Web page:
Acronyms and Adobe


Good evening everyone! 

I’ve just been through one of those few times when my day job takes over my entire life for a short period of time.  Mark and Kayla are always wonderful in their support for me when I have to do that; the dogs are okay with it as long as they get fed every morning.  However,  now that it’s all over and I have taken a deep breath, everything shimmers back to normal. 

Shimmer

Still, even in high pressure situations, there is humor to be found.

In Alabama and most federal courts, e-filing is now required; this lets you file briefs and exhibits electronically and gives you until 11:59 the day something is due for it to be timely filed, but, as one district court clerk’s office has politely explained  in their e-filing rules, “While a filing is timely as long as it is filed prior to 11:59 a.m. the day it is due, the clerk’s office strongly recommends that attorneys e-file during working hours, when someone will be able to help them if a problem should arise.”  Unfortunately, I was not able to heed their advice this time, but it all came out right in the end.

The briefs I were working on were in an area of the law that uses a lot of acronyms.  Because it is easier to refer to NHTSA rather than the National Highway Safety Transportation Agency, and to the FHSA rather than the Federal Highway Safety Act, and the  STATSER rather than the Smith-Thomas Act To Support Edamame Research  (all right, I made that one up), in certain areas of the law you just have to resign yourself to the acronyms and try to keep up with the scorecard as best you can.  So Monday night, while I was studying  notes someone had made for me to help with these responses, I came across the following phrase:   “since then a LOT has been done to change the design.”  I spent five minutes trying to figure what on earth LOT stood for, only to realize that LOT stood for, strangely enough, the word “lot”, with emphasis.  Things started to fall into place then.

For technical reasons I have tried to understand, but decided that it is simply better to accept, the documents that we file, as well as the exhibits, need to be filed in .pdf format, the kind of file that you use Adobe Acrobat to read.  When we need to refer to deposition testimony [FN]  in a response, we have to find the deposition, print out the pertinent pages, then scan them in to convert the group of pages  into a single file in .pdf format.  (Most courts do not permit you to file the entire deposition; only the pages you are referring to.  A few courts are different.)  Many of the court reporting services now automatically send you depositions in electronic format, which makes this process a lot easier.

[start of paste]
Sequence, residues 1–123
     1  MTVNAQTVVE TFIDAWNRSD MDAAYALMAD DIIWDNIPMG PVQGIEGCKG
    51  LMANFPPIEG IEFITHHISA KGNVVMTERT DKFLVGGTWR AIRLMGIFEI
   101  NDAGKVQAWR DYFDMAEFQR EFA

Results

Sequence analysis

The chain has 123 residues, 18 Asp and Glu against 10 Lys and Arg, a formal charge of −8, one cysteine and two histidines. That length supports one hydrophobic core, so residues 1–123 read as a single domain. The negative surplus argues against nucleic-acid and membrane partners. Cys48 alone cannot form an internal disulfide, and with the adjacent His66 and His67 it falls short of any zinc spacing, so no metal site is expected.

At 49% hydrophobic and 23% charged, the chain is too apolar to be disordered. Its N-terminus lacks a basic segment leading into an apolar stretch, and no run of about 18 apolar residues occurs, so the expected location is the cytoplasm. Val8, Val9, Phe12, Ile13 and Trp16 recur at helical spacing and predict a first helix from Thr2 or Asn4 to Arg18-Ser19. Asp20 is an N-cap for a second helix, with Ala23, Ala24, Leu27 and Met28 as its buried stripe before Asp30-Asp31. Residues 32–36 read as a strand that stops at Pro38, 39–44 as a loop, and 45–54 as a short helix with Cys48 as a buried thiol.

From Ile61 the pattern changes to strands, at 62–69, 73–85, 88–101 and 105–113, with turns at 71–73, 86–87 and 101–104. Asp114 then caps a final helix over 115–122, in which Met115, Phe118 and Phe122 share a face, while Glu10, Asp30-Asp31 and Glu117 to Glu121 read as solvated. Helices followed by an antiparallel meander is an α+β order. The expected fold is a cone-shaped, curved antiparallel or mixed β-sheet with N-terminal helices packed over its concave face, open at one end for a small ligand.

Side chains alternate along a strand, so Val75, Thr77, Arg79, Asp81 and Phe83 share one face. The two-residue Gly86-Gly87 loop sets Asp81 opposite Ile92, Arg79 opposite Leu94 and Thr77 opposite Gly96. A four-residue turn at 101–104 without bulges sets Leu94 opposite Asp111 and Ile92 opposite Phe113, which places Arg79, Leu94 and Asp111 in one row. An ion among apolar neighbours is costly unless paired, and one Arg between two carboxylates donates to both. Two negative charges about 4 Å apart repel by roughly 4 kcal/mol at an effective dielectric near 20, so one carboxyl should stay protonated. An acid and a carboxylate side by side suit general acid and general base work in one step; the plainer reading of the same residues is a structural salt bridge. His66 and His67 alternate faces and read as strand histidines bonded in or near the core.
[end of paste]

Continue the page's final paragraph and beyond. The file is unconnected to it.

I had called the Birmingham office yesterday afternoon to check that all the depositions were available electronically.  (The original office, where I work, is about 65 miles away from the Birmingham office.)  After I was assured that they were, and got a mobile phone number from Christine in the Birmingham office staff in case there was a hiccup, I turned back to proof-reading and finishing my writing. 

 Fast forward three hours, to when I was finally ready to start putting the exhibits together for filing.  I opened my Adobe Acrobat Reader and plunged into the correct file on the server – only to discover that nary a deposition was to be found!  After a heart attack and a round of adrenaline that didn’t go amiss anyhow since I needed a pick-me-up, I started looking around a little bit to  figure out what was going on so I wouldn’t have to call Christine at 8:00 p.m. and have her return to the office.  After another five minutes, I realized what the problem was.  I had the Adobe Reader program set to where it would only show me Adobe files in the file directories.  Once I changed that setting to “all files,” the depositions I needed magically appeared.  I gave a sigh of relief, and the gathering of exhibits could continue.

Relief!

Technology:  can’t live with it, but sure can’t live without it!

Have a great evening everyone!

Nancy

FN.  For those who don’t know, a deposition is an out of court questioning session where the questionee is under oath.

2 responses to “Acronyms and Adobe

  1. I must admit I didn’t know any of that. You are very clever!

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